Quebec Autoroute 19

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Autoroute 19 shield

Autoroute 19
Autoroute Papineau
Route information
Maintained by Transports Québec
Length: 10.1 km[2][1] (6.3 mi)
Existed: 1970[1] – present
Major junctions
South end: A-40 / TCH in Montreal
North end: A-440 / Route 335 in Laval
Highway system

Quebec provincial highways

A-15 A-20

Autoroute 19, also known as Autoroute Papineau (Papineau Highway), is an autoroute in Quebec. It crosses the Rivière des Prairies via the Papineau-Leblanc Bridge, connecting the borough of Ahuntsic-Cartierville in Montreal and the Duvernay neighbourhood in Laval.

There are plans to widen Route 335 to four lanes, which would be a continuation of A-19 from Autoroute 440 to the Anathase-David Bridge, on Rivière des Mille Îles, and Bois-des-Filion to relieve congestion along that stretch. The lands reserved for the project were expropriated in 1973 in conjunction of a future extension of the A-19. In 2007 Transport Minister Julie Boulet gave the green light for studies in the area.[3]

A super two highway exists in Bois-de-Filion, north of Route 344 and south of Autoroute 640, just north of Pont David, which runs on the Highway 19 right-of-way.

The city street Papineau Avenue in Montreal is signed as Autoroute 19, from Autoroute 40 northwards. It was once envisioned that A-19 would extend to the Jacques Cartier Bridge, and run below surface level south of the Metropolitan Expressway, like the Decarie Expressway. An autoroute-grade limited access expressway exists between the southern end of the Jacques Cartier Bridge and the northern end of the limited access expressway portion Route 116/Route 112 in St. Hubert, that is otherwise unsigned. The 112/116 expressway from the Jacques Cartier Bridge approach (the southern end of A-19) to Quebec Autoroute 30 was to have been designated Quebec Autoroute 16.

Year of construction[edit]

Annual Average Daily Traffic[edit]

  • Lowest Annual Average Daily Traffic : 12 400 (between R-148 and A-440) (2000)
  • Highest Annual Average Daily Traffic : 57 000 (Papineau-Leblanc Bridge) (2000)

Interchanges from south to north[edit]

Municipality No. Intersecting Roads Notes
South as Avenue Papineau
Montreal 0* Boulevard Henri-Bourassa (start of autoroute)
Papineau-Leblanc Bridge
Laval 4 Boulevard Lévesque (northbound exit and southbound entrance only)
5 Boulevard de la Concorde
7 Boulevard St-Martin
8 Quebec Autoroute 440.svgAutoroute 440
(Autoroute Laval)
9* (end of autoroute)
North as Qc335.svgRoute 335 to Bois-des-Filion and beyond.

*Exit number not signed, based on kilometre post

2006 Highway Overpass Collapse[edit]

On September 30, 2006, at 12:30PM EDT, an overpass on Boulevard de la Concorde (Exit 5) collapsed onto the busy Autoroute 19 in Laval. Two vehicles were crushed underneath, while three others and a motorcycle fell from the top. Five people were killed and six others were injured, including three critically. There have been numerous reports from witnesses who saw the two vehicles being crushed underneath the structure. The viaduct, built in 1970, had been rated for 35 more years of service and had a maintenance check one year earlier, in 2005. The police called Transports Quebec to report fallen chunks of concrete one hour before the collapse, and a Transports Quebec team had visually inspected the span less than thirty minutes prior to the collapse. The section between Autoroute 440 and Boulevard Levesque was reopened four weeks later. An estimated 60 000 motorists use the highway and connected bridge to the Island of Montreal daily. Traffic and bus re-routing as well as park-and-ride measures were being managed by Transports Quebec (see external link below).[4][5][6] In light of the incident, the Quebec government announced a public investigation headed by former premier Pierre-Marc Johnson into the matter. The remainder of the structure was demolished on October 21 after further inspection of the remains. A nearby overpass was also ordered to be demolished due to structural concerns.[7][8] [9]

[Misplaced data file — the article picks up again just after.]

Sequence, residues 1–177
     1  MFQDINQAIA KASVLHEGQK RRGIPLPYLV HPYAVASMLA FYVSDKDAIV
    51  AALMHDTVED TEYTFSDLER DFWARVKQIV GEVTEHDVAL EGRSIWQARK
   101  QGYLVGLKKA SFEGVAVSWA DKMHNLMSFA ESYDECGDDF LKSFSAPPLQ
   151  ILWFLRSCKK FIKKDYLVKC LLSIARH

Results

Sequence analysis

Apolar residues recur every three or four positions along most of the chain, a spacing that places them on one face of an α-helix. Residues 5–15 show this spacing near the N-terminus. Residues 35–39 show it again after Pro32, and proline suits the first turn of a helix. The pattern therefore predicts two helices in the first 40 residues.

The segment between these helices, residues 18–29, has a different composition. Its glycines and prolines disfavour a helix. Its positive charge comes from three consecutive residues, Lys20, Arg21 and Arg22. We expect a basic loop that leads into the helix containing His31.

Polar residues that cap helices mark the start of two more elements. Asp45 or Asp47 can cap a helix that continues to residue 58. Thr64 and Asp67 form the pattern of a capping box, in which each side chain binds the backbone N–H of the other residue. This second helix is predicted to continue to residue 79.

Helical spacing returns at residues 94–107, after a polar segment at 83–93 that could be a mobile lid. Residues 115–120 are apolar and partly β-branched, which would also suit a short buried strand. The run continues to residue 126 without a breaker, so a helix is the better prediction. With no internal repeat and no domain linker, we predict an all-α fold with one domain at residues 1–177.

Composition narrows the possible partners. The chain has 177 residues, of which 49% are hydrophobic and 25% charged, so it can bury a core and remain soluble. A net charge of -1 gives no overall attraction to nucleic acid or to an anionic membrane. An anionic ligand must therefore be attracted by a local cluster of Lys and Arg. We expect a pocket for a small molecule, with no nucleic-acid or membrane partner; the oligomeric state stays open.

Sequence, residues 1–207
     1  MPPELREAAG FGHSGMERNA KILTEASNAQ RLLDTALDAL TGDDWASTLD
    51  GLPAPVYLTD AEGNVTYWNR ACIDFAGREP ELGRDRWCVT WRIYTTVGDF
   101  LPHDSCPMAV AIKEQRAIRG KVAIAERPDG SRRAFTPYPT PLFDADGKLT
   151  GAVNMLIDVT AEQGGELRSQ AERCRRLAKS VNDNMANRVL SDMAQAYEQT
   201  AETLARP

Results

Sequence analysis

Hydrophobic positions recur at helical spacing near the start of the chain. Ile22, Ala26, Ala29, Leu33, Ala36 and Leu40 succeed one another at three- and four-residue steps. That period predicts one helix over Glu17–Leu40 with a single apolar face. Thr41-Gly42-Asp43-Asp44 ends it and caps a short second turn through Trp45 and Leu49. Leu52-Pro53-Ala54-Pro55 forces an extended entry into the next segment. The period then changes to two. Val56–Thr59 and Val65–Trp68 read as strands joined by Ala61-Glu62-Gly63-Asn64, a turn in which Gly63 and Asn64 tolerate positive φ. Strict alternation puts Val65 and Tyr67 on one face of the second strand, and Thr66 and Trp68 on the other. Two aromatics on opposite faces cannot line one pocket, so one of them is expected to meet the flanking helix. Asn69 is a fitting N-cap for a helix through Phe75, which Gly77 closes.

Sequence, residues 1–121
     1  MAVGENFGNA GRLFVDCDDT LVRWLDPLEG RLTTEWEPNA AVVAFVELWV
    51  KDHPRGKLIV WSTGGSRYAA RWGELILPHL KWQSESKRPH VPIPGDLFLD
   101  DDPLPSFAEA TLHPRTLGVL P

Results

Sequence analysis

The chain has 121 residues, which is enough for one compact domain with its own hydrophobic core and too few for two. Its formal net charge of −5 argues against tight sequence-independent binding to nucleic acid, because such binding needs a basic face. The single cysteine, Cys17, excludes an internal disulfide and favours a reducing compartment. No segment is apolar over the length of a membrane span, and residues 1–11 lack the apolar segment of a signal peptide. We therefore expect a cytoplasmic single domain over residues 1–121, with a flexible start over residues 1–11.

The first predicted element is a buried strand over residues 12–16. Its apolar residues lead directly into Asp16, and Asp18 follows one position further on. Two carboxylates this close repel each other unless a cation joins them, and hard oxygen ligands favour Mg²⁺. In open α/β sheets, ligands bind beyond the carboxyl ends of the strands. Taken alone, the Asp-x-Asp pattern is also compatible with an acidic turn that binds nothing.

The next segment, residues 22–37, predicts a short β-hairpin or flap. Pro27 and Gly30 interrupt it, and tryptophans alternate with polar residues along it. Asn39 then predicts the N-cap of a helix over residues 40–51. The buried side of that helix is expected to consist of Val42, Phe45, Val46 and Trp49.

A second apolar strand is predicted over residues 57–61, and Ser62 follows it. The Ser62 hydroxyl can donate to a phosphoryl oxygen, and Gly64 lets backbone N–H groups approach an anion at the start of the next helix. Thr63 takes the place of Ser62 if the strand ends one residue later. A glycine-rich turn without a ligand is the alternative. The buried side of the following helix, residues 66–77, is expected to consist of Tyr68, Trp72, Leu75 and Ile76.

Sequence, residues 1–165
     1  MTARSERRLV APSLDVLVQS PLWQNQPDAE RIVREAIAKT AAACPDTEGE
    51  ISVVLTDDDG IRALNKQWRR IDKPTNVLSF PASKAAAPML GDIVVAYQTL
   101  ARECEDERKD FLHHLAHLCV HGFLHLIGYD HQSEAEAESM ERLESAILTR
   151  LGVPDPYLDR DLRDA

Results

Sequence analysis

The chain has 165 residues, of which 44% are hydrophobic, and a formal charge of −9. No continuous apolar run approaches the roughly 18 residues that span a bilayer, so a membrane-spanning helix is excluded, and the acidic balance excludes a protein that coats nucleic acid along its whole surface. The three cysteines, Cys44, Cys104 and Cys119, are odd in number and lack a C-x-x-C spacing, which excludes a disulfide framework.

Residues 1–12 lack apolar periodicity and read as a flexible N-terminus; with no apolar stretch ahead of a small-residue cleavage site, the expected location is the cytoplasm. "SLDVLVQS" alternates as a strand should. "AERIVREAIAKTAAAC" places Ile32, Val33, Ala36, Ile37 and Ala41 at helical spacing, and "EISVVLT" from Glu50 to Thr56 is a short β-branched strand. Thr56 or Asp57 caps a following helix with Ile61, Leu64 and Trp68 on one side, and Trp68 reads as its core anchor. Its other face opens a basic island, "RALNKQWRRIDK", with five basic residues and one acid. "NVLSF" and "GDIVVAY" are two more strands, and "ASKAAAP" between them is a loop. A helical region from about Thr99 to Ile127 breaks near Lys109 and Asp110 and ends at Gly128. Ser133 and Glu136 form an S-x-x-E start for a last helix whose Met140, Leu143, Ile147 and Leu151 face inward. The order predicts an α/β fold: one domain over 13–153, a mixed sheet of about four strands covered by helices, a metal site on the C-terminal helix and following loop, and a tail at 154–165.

The replacement overpass for Boulevard de la Concorde opened to traffic on June 13, 2007.[10]

See also[edit]

References[edit]

  1. ^ a b "Répertoire des autoroutes du Québec" (in French). Transports Québec. Retrieved 2008-02-23. 
  2. ^ Ministère des transports, "Distances routières", page (?), Les Publications du Québec, 2005
  3. ^ Archives
  4. ^ Canoe archives
  5. ^ CTV Top Stories
  6. ^ Canoe archives
  7. ^ Canoe archives
  8. ^ Canoe archives
  9. ^ Canoe archives
  10. ^ CBC News

External links[edit]

Route map: Google / Bing